name for certain nocturnal tree squirrels adapted for gliding; they do not actually fly. Most are found in Asia, but one species of the genus Pteromys extends into SE Europe and the two species of Glaucomys are found in North America. The gliding mechanism is a fold of furry skin extending along each side of the body from the wrist to the ankle and, in some species, to the tail. When the animal is at rest the flaps are folded; when it stretches its limbs for leaping, as do all tree squirrels, the flaps are stretched out taut like a parachute. The tail in many species is broad and flat, with a flat row of hairs on either side. The animal uses movements of the flaps, limbs, and tail to control direction. The glide always starts from a high tree branch; if it is a long glide the animal comes to rest near the ground and must climb up again. The small North American flying squirrels leap from heights of 50 ft (15 m) or more and may travel a horizontal distance of over 100 ft (30 m). Flying squirrels are seldom seen because of their nocturnal habits and high dwelling places. They nest, often many together, in holes in trees. They feed on a variety of plant matter, as well as on insects. The North American flying squirrels, found in forested regions over much of the continent, have soft, thick, brownish fur. The northern species, Glaucomys sabrinus, of Canada and the NE and W United States, is up to 12 in. (30 cm) long including the tail, which is nearly as long as the head and body; it weighs 4 to 61/2 oz (110–180 grams). The southern species, G. volans, of the eastern half of the United States and parts of Mexico and Guatemala, is slightly shorter and weighs about a third as much. Most Old World species are similar, but the giant flying squirrels, genus Pteromys, of S Asia, are up to 4 ft (120 cm) long and may be observed sleeping on branches during the day. The scaly-tailed squirrels, or African flying squirrels, are not true squirrels, but members of a separate rodent family (Anomaluridae). Found only in tropical Africa, they are anatomically quite different from the true flying squirrels and include both gliding and nongliding species. Flying squirrels are classified in the phylum Chordata, subphylum Vertebrata, class Mammalia, order Rodentia, family Sciuridae.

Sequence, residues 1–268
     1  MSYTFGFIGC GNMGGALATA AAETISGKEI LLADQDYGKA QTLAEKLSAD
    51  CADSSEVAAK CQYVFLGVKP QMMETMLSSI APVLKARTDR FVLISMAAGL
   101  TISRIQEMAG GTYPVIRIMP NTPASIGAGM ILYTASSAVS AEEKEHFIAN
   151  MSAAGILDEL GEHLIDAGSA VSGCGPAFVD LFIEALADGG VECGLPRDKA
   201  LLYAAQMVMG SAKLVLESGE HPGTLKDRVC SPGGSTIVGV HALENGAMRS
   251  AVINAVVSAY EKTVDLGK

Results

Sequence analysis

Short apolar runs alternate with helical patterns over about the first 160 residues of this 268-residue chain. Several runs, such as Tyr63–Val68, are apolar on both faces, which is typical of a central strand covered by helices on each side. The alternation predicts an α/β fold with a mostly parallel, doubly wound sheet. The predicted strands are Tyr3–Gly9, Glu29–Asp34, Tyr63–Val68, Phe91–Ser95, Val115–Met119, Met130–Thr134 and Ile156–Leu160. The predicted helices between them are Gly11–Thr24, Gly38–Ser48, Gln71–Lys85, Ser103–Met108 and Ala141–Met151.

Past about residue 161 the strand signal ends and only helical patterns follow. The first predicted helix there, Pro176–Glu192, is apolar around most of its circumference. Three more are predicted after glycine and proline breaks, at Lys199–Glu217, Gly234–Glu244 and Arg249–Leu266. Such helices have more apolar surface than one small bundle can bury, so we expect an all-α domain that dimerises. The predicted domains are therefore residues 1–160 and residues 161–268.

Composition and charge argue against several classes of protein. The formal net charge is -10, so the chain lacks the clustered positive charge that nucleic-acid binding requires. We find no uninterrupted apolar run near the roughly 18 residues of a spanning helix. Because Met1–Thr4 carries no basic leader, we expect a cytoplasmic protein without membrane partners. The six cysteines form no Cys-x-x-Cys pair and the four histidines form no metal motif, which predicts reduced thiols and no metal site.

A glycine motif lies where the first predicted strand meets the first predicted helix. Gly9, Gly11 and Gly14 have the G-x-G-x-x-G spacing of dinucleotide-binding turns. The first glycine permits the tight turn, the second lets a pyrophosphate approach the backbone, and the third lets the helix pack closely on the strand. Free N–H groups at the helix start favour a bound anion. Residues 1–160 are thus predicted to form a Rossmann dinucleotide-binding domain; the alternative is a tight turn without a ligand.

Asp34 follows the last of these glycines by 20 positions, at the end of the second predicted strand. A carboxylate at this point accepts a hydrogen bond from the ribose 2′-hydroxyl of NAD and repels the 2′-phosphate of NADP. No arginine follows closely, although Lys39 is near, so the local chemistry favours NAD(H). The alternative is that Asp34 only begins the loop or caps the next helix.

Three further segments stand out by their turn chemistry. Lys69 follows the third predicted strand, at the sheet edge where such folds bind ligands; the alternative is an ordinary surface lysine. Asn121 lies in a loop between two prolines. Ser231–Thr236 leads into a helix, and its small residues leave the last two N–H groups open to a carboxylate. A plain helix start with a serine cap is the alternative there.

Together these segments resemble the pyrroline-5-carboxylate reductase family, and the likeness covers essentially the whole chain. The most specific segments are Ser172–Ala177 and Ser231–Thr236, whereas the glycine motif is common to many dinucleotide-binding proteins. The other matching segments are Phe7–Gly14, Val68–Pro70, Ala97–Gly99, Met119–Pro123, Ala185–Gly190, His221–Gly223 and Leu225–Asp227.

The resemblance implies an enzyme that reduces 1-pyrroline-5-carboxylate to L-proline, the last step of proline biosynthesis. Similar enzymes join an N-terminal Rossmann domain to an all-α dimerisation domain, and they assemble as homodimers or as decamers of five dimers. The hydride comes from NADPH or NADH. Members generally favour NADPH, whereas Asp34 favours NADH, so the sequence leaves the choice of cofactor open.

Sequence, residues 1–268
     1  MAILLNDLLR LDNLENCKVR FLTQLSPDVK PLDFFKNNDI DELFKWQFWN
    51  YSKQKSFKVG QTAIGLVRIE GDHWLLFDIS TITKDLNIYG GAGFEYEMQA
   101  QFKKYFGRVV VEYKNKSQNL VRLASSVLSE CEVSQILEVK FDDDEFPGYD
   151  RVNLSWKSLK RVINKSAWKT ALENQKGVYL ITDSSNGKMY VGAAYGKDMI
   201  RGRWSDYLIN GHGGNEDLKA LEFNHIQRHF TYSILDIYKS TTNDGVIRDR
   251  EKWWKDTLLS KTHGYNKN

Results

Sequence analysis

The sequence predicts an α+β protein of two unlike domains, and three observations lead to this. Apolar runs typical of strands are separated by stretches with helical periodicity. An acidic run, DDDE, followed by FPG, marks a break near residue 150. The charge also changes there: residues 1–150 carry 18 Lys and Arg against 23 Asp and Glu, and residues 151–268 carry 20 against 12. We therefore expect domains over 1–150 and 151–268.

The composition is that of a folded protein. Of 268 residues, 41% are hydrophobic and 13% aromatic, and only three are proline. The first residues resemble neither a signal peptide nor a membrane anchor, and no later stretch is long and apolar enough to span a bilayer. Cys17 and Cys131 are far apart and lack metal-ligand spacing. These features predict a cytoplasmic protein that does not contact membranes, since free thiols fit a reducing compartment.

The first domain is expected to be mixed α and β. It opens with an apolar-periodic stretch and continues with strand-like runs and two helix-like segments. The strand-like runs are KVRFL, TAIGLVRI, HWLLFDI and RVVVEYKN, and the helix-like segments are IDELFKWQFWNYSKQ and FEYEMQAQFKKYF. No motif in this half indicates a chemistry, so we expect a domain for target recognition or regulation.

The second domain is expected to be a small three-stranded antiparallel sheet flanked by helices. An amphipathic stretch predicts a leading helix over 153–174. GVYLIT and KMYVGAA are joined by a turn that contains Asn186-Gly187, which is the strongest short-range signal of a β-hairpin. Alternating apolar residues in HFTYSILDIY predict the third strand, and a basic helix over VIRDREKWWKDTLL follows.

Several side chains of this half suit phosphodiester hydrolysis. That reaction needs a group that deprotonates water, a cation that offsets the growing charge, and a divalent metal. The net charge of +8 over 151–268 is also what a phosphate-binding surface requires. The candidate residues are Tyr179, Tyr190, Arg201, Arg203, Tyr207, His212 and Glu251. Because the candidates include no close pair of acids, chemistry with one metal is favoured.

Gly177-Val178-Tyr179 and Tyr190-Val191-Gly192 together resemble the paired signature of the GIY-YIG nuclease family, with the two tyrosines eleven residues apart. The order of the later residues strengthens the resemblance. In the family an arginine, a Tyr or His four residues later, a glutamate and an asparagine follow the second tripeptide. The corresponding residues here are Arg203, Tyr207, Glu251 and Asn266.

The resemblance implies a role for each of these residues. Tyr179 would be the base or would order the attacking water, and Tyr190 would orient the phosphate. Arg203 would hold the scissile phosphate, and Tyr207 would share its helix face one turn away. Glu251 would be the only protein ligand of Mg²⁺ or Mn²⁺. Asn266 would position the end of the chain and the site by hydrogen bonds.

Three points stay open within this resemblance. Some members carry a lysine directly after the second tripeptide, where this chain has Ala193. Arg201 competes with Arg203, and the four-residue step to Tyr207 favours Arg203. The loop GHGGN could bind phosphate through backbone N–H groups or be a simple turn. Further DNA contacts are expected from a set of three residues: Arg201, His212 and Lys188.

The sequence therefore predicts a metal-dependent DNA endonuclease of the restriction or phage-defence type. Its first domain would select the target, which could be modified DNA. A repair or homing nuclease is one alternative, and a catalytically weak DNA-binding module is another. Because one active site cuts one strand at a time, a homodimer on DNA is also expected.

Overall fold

Summary Article: flying squirrel
from The Columbia Encyclopedia